Passionate Advocates for Medical Malpractice Victims
Medical malpractice occurs when a medical practitioner fails to meet the legal standards of care in their field, and that failure causes harm to their patient. Malpractice is often grounds for a personal injury legal case. Medical providers, such as nursing homes and hospitals, are held to high standards of care, to protect patients from becoming victims of negligence, and to enable them to seek compensation if they do. Damages in a malpractice suit can include reduced quality of life, pain and suffering, and the cost of medical bills. Examples of malpractice include:
- A doctor who misdiagnoses a patient when most providers could have easily, accurately diagnosed the patient.
- A nursing home that doesn’t move patients often enough to avoid bedsores.
- A surgical team that accidentally leaves medical instruments inside of a patient or performs the wrong surgery.
Process in medical malpractice cases
For a plaintiff to establish that malpractice occurred and recover for damages, they must prove four legal elements: Duty of Care, Breach of Duty, Causation, and Damages. When a case goes to civil court, a jury will consider the evidence to determine the medical provider’s guilt or innocence, and the amount of recovery owed to the plaintiff.
Duty of Care – The patient must prove that the medical provider had a duty of care in the relationship. Typically, this relationship is proven using admission and related documents, which prove that the patient contracted with the provider for specific medical care. If an independent contractor was involved, such as a doctor who was not an employee of the hospital but brought in to consult, it becomes harder to determine which provider owed the duty of care — the hospital or consulting doctor. Once the responsible provider is identified, the next step is to compare their care with the standard of care that should have been provided. One way to do this is to compare it with the treatment a provider of equal skill and education would have provided in a similar situation.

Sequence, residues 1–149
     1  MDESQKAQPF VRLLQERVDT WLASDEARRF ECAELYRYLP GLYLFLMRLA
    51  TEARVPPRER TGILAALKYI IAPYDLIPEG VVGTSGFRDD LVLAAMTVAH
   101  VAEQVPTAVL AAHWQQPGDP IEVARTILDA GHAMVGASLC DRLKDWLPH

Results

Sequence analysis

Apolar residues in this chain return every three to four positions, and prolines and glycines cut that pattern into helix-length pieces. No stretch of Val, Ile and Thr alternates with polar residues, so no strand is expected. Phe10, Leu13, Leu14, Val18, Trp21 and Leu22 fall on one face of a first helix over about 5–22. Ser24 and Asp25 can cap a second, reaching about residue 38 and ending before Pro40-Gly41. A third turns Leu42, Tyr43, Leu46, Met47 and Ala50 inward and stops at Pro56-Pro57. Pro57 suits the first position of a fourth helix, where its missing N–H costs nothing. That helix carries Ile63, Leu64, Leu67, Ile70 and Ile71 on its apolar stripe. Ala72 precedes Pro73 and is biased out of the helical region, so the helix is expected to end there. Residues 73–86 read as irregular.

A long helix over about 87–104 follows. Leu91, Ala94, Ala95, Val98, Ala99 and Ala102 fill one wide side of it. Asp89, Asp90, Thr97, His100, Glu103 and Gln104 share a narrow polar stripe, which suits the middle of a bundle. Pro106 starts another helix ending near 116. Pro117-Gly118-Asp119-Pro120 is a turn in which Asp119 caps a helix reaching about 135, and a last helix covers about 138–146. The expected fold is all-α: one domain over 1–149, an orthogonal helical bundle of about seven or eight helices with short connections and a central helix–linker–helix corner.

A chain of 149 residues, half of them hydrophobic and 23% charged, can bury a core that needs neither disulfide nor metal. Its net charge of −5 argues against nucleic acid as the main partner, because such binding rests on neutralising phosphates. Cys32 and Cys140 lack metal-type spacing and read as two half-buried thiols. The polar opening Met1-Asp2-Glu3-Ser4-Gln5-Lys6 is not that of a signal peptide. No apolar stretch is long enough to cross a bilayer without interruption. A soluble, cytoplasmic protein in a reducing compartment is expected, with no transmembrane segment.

Breach of Duty – Having confirmed the responsible provider and the duty of care, the patient must prove that the provider failed to meet their duty of care. One way to prove that deviation is by introducing testimony from a medical professional. By describing what a reasonable course of action would have been, they can show how the defendant deviated from reasonable medical standards.
Causation – The patient must prove that the provider’s breach of duty directly caused their injury. Despite a breach of duty, causation can’t always be proven. For example, if a doctor misdiagnoses a patient with a terminal disease, but the patient was suffering from a different but also terminal disease, they might not be able to prove their case.
Damages – This element demands that the patient suffered serious economic or other damages beyond inconvenience or dissatisfaction. Examples include medical bills for treatment of the breach, lost wages, and emotional suffering.
How to begin your medical malpractice case
Medical malpractice suits are complex and demanding cases. If you think you’ve suffered from medical malpractice, contact Adams & Corzine for a consultation. We will help you evaluate the strength of your case and the best way to move forward.